So I hear that modules are very pythonic and I structure my code with modules a lot and avoid classes.
But now I'm writing a module
Formula that has a lot of the same functionality as the module
Car. How should I handle that?
Vehicleand import methods and variables that I need?
The third looks good, the only downside that I see is that there are some variables that are specific to a module (e.g. top_speed), but the functions in the parent module Vehicle need to access those specific variables.
A module is an instance, not a class, so you can't inherit from it any more than you can inherit from
If your stuff has state, you should have classes, not modules.
If you have two modules that need the same stuff, then it either a) one of them should have it and the second should use the first, or b) they should both get it from a third module.
Module names are typically lowercase, since Uppercase/CamelCase names indicate classes.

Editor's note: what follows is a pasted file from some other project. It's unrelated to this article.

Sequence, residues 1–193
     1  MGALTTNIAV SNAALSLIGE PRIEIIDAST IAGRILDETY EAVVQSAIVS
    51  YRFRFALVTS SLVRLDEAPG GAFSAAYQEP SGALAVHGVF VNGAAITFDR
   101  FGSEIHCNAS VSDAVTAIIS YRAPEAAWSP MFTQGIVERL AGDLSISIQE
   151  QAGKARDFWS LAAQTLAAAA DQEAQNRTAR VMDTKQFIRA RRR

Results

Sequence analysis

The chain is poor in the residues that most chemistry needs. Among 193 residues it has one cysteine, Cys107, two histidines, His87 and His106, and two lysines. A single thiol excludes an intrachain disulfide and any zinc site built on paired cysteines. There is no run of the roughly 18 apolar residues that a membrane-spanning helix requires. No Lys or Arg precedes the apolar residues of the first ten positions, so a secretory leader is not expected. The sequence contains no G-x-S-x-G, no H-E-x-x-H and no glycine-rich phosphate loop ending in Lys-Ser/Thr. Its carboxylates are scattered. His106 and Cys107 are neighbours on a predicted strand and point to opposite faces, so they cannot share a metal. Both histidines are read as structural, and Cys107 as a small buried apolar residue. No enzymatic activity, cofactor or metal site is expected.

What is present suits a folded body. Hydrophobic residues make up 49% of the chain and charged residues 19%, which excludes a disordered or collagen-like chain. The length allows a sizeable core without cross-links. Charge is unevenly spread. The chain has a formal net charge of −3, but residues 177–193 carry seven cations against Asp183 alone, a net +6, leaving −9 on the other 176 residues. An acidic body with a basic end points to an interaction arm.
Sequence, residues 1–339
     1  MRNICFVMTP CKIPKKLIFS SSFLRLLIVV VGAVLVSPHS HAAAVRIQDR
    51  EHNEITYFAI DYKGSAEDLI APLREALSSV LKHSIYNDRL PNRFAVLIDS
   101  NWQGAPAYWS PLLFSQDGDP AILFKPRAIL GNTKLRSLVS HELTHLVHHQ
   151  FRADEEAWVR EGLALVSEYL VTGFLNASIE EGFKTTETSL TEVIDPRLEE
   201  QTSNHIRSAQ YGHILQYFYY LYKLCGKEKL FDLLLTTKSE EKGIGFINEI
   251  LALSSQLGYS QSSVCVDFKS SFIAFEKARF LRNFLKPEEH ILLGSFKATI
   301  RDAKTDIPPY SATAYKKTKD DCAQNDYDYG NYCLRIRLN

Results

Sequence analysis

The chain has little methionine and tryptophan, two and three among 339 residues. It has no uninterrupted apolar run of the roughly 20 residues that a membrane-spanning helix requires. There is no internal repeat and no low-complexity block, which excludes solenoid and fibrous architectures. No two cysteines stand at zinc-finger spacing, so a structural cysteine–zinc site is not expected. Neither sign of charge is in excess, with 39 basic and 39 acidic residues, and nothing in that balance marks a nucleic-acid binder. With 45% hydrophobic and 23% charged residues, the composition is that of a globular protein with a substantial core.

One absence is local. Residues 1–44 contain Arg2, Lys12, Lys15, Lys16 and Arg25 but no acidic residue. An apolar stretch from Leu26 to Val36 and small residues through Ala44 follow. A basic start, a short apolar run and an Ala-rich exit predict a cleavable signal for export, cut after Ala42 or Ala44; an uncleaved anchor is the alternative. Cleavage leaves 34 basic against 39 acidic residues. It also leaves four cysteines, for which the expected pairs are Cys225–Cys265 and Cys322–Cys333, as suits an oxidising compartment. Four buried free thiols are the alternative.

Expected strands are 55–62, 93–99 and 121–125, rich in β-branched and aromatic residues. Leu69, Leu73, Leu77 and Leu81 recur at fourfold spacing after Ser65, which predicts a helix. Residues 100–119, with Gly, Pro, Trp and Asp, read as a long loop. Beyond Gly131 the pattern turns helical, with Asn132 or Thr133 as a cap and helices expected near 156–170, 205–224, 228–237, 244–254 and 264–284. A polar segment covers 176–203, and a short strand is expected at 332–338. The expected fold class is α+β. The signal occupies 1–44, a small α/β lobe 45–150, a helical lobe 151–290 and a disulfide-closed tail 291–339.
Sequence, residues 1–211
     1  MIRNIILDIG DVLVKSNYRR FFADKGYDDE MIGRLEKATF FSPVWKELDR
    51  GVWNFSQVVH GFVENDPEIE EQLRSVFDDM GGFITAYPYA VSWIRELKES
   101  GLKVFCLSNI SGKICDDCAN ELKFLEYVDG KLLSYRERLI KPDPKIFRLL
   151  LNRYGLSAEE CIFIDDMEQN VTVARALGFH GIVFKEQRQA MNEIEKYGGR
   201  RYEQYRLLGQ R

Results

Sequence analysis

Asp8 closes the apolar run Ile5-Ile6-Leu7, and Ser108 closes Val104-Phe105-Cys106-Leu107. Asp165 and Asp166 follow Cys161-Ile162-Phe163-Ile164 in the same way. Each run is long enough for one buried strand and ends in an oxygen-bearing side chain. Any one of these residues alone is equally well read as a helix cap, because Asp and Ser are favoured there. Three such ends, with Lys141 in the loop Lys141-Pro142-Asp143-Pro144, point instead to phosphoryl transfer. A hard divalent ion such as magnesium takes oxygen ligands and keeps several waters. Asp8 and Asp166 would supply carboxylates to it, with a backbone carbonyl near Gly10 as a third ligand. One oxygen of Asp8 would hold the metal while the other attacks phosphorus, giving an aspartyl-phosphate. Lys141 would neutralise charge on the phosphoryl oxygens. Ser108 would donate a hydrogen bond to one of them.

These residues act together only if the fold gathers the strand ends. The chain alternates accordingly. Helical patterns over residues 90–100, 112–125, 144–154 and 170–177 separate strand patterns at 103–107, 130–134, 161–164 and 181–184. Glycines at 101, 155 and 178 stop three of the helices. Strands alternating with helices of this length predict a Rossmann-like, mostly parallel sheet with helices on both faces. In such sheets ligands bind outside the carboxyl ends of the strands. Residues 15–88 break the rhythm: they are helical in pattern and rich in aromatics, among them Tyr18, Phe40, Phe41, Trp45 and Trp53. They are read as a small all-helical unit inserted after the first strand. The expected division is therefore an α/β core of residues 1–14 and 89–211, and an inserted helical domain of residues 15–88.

Modules can sometimes be used to implement Singletons, but they aren't meant to be a replacement for classes. You can only import the module once, while a class can have multiple instances.
If you need inheritance, use a class.
class Base(): ..... class derived(Base): ......
But this is inheriting class...
Let me give you an example:
import os import sys config = dict() config['module_name'] = "some_xyz_thing" config['description'] = "Implements xyz functionality"
from Base import config config['module_name'] = "som_more_xyz_functionality"
This way you can use inheritance at module level